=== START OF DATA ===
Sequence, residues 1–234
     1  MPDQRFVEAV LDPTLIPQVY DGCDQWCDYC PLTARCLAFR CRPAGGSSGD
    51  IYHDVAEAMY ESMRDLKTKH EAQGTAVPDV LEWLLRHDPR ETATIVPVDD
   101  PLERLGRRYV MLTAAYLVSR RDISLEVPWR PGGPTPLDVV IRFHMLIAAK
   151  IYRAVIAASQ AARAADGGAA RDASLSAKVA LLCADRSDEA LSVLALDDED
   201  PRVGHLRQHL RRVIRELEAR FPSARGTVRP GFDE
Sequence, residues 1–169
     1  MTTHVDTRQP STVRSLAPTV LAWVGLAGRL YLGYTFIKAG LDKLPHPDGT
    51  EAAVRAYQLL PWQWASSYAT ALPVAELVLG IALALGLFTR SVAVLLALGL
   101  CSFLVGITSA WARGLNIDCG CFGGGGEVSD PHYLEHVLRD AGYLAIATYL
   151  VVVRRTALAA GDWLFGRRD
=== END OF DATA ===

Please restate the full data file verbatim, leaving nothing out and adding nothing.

Sequence, residues 1–234
     1  MPDQRFVEAV LDPTLIPQVY DGCDQWCDYC PLTARCLAFR CRPAGGSSGD
    51  IYHDVAEAMY ESMRDLKTKH EAQGTAVPDV LEWLLRHDPR ETATIVPVDD
   101  PLERLGRRYV MLTAAYLVSR RDISLEVPWR PGGPTPLDVV IRFHMLIAAK
   151  IYRAVIAASQ AARAADGGAA RDASLSAKVA LLCADRSDEA LSVLALDDED
   201  PRVGHLRQHL RRVIRELEAR FPSARGTVRP GFDE
Sequence, residues 1–169
     1  MTTHVDTRQP STVRSLAPTV LAWVGLAGRL YLGYTFIKAG LDKLPHPDGT
    51  EAAVRAYQLL PWQWASSYAT ALPVAELVLG IALALGLFTR SVAVLLALGL
   101  CSFLVGITSA WARGLNIDCG CFGGGGEVSD PHYLEHVLRD AGYLAIATYL
   151  VVVRRTALAA GDWLFGRRD